Cover Image: Before You Go

Before You Go

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Member Reviews

There are many attacks on the Christian faith. Some come from the environment, some from slanted research or peer pressure. Other doubts arise from inside ourselves. Before you Go examines four facets of doubt and the influences that press on young adults as they leave the safety of church, family, and friends.

And when you've left the faith, or if you're considering tossing all the things you believe, is there a way back? Marriott and Wicks offer insights on the backdrops and influences toward deconversion as well as ways to examine faith and restore your trust in God and his people.

The book is well-written and thought-provoking. It should be on the bookshelves of pastors, parents, and those seeking to understand why the faith of childhood and teen years begins to unravel - and how to recover a healthy adult relationship with God.

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There are three groups of people who should read this book:

1. Those who are struggling with their faith. If someone is having a "crisis of faith" whether it is from a sudden dramatic event or something that has been creeping up slowly on them, this is a great book to read.
2. Those who are family or friends of someone who is saying they have stopped believing in God (or are hinting that they are leaning in that direction.)
3. Everyone.

This isn't really a book about apologetics as much as it is an examination of common characteristics shared by those who have walked away from the faith. Author John Marriott is also the author of books like: Going Going Gone, An Anatomy of Deconversion, and Set Adrift. So he is bringing in a wealth of experience and research and hundreds of conversations into this work. Throughout this book, I kept remembering back to what I learned in Daniel Kahneman's Thinking Fast and Slow. That book was probably the most important book I read in '19. That book changed my thinking about thinking and made me a wiser, more self-aware person. This book has taken the science related in TF&S and gives it practical real-world application.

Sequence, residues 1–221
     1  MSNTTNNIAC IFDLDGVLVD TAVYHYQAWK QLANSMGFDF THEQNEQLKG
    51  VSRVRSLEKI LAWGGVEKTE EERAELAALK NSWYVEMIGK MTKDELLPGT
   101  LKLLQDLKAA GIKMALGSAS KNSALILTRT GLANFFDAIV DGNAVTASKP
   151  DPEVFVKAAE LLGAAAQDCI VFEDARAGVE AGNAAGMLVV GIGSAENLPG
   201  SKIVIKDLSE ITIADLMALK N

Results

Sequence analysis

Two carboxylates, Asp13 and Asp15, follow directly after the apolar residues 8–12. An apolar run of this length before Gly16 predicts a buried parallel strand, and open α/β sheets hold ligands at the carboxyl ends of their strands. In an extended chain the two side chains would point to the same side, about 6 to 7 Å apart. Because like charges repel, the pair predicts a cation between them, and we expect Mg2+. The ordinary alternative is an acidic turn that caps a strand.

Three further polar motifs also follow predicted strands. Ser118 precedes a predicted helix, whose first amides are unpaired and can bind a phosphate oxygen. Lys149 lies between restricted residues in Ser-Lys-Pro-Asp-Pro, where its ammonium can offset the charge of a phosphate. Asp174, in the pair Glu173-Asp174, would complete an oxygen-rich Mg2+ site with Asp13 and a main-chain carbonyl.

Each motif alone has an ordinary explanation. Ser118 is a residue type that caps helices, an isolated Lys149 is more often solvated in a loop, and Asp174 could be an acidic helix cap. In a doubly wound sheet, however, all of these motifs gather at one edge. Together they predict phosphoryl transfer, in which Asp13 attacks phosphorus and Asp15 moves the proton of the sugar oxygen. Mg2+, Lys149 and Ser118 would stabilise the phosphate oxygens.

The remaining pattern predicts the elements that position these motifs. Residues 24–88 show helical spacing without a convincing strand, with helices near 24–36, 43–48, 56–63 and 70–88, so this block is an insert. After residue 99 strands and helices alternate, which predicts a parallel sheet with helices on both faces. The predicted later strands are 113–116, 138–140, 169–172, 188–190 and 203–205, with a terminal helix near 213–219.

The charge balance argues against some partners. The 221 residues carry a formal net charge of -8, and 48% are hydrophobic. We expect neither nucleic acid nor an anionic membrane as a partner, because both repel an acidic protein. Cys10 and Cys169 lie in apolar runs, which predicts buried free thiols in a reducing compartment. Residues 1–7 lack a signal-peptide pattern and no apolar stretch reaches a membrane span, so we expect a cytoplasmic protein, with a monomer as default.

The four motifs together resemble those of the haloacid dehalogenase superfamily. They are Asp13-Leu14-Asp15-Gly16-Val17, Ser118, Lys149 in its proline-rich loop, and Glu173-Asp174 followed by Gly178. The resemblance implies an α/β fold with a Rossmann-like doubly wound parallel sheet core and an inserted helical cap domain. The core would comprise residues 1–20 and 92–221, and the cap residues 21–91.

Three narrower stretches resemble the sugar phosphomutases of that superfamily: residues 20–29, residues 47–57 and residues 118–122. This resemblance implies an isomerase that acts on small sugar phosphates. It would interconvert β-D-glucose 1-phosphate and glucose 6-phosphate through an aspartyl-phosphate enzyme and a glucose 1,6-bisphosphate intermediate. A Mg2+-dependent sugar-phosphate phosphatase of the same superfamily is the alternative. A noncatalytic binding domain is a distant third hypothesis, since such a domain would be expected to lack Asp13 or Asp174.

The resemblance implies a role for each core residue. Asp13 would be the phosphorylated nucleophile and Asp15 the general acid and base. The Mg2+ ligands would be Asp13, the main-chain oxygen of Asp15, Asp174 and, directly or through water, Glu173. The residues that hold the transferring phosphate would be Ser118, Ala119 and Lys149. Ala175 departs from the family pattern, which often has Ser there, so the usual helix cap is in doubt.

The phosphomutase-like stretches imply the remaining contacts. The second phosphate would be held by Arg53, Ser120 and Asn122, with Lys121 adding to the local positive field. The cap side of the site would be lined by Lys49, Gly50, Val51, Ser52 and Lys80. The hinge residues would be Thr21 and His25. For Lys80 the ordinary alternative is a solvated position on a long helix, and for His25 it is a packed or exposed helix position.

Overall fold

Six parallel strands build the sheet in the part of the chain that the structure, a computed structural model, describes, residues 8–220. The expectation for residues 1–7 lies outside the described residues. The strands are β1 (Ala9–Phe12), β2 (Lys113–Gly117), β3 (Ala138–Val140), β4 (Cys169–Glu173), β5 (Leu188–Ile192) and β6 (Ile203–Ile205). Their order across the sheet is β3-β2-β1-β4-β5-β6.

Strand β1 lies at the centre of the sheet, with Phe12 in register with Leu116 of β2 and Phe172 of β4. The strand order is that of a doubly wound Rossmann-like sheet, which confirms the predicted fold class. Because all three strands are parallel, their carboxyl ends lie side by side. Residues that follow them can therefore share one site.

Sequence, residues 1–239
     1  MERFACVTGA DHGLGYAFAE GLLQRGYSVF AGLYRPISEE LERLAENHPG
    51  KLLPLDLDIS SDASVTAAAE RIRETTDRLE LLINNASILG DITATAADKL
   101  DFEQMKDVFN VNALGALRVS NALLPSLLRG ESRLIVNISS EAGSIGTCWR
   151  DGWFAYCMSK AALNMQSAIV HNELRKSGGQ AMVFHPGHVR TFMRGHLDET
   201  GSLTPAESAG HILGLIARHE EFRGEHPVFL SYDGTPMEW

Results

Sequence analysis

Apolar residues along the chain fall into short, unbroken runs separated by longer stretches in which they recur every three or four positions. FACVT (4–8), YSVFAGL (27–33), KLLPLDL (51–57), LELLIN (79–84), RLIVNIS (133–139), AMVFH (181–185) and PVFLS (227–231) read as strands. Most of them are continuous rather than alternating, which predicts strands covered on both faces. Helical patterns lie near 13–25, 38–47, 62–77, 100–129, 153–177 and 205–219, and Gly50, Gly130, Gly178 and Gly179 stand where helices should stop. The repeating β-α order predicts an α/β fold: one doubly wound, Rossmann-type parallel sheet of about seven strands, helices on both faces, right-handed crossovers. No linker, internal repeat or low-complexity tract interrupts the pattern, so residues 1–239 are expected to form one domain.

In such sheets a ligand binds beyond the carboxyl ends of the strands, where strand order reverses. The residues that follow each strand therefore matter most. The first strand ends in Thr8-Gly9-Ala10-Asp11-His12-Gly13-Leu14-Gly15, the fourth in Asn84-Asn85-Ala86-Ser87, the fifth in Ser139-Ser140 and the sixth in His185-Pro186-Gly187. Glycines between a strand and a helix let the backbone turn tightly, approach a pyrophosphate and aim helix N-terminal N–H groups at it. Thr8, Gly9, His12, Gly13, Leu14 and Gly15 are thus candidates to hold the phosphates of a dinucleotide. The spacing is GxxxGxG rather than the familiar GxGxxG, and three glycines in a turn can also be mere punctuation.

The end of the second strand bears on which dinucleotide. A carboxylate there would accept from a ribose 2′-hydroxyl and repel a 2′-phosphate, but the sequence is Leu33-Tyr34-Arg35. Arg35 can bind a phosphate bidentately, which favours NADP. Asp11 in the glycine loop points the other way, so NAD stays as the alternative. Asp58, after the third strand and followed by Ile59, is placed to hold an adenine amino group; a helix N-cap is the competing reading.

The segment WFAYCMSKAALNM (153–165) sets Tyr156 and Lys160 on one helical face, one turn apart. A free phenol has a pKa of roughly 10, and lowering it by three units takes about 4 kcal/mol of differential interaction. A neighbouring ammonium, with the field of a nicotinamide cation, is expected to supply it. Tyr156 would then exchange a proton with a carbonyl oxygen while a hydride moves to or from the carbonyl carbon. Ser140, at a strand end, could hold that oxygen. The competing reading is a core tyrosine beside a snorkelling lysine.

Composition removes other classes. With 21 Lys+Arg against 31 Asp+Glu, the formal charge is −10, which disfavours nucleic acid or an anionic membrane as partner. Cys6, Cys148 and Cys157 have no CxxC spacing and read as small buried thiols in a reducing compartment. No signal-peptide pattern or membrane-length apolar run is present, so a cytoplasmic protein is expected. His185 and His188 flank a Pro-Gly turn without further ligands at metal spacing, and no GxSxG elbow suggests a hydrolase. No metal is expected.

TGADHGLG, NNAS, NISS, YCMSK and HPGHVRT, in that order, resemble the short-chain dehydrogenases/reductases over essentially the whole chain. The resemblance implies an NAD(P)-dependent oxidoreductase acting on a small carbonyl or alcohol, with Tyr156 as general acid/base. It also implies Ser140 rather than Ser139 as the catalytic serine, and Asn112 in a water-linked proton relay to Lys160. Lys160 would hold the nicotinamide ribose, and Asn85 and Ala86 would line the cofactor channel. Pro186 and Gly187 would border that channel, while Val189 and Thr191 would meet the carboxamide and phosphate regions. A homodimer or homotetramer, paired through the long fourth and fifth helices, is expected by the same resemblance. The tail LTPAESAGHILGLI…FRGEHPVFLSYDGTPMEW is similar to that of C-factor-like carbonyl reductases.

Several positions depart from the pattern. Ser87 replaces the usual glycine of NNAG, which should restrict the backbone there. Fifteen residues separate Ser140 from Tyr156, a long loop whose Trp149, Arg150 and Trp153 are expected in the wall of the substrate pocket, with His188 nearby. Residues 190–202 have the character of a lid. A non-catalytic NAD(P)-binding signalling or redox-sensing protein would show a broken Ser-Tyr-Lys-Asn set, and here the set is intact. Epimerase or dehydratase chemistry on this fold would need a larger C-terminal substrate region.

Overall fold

Before You Go is broken into three sections with a few chapters each. The first section, "Preliminary Issues" deals with issues like our subconscious, the reasonableness of faith, and why doubt isn't necessarily a bad thing or something to be avoided. The second section, "Pulling Back the Curtain" shows how the stated reasons for leaving the faith are rarely the true reasons, even though those leaving might sincerely believe they are. He gives an excellent illustration of an elephant with a rider who truly has no control of that elephant. The elephant is our subconscious thought that goes wherever it wants. The rider on top is our reasoning mind that creates logical explanations for why the elephant is going wherever he wants it to. The third section, "Assumptions and Expectations" seems pretty self-explanatory.

I never really walked away from my faith, but in the five years or so after finishing my undergrad at Bible College, I did walk away from many of the doctrinal things I did believe. Some of them I have come back to. Some I have not. But in the process of learning and adopting a faith of my own, rather than what was spoon-fed to me, I truly spent many sleepless nights wondering what was happening to me. A book like this would have been so helpful to me. It also would have been so helpful to one of my mentors who instinctively knew the maturation process God was doing in me but didn't know the right words to help me through the process. We had both been ingrained in a well-meaning but unhealthy church that said doubt and questioning are taboo. This book is an antidote to that poison.